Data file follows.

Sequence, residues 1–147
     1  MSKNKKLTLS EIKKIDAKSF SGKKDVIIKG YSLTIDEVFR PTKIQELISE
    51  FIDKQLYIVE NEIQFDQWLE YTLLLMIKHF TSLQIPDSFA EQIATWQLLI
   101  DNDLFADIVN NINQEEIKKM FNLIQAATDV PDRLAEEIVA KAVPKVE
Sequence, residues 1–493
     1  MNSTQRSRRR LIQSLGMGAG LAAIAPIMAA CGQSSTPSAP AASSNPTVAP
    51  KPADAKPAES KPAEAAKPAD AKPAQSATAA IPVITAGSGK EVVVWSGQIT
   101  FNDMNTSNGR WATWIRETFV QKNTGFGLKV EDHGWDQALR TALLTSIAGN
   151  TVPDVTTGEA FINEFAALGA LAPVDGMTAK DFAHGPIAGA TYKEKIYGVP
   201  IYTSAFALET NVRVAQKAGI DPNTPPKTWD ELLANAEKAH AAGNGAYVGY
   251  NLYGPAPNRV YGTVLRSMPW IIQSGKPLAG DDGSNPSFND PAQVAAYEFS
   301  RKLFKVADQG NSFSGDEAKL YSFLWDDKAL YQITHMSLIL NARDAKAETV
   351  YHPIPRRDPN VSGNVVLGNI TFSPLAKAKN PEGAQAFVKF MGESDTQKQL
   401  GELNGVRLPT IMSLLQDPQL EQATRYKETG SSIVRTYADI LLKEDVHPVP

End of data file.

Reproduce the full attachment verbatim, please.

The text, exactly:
Sequence, residues 1–147
     1  MSKNKKLTLS EIKKIDAKSF SGKKDVIIKG YSLTIDEVFR PTKIQELISE
    51  FIDKQLYIVE NEIQFDQWLE YTLLLMIKHF TSLQIPDSFA EQIATWQLLI
   101  DNDLFADIVN NINQEEIKKM FNLIQAATDV PDRLAEEIVA KAVPKVE
Sequence, residues 1–493
     1  MNSTQRSRRR LIQSLGMGAG LAAIAPIMAA CGQSSTPSAP AASSNPTVAP
    51  KPADAKPAES KPAEAAKPAD AKPAQSATAA IPVITAGSGK EVVVWSGQIT
   101  FNDMNTSNGR WATWIRETFV QKNTGFGLKV EDHGWDQALR TALLTSIAGN
   151  TVPDVTTGEA FINEFAALGA LAPVDGMTAK DFAHGPIAGA TYKEKIYGVP
   201  IYTSAFALET NVRVAQKAGI DPNTPPKTWD ELLANAEKAH AAGNGAYVGY
   251  NLYGPAPNRV YGTVLRSMPW IIQSGKPLAG DDGSNPSFND PAQVAAYEFS
   301  RKLFKVADQG NSFSGDEAKL YSFLWDDKAL YQITHMSLIL NARDAKAETV
   351  YHPIPRRDPN VSGNVVLGNI TFSPLAKAKN PEGAQAFVKF MGESDTQKQL
   401  GELNGVRLPT IMSLLQDPQL EQATRYKETG SSIVRTYADI LLKEDVHPVP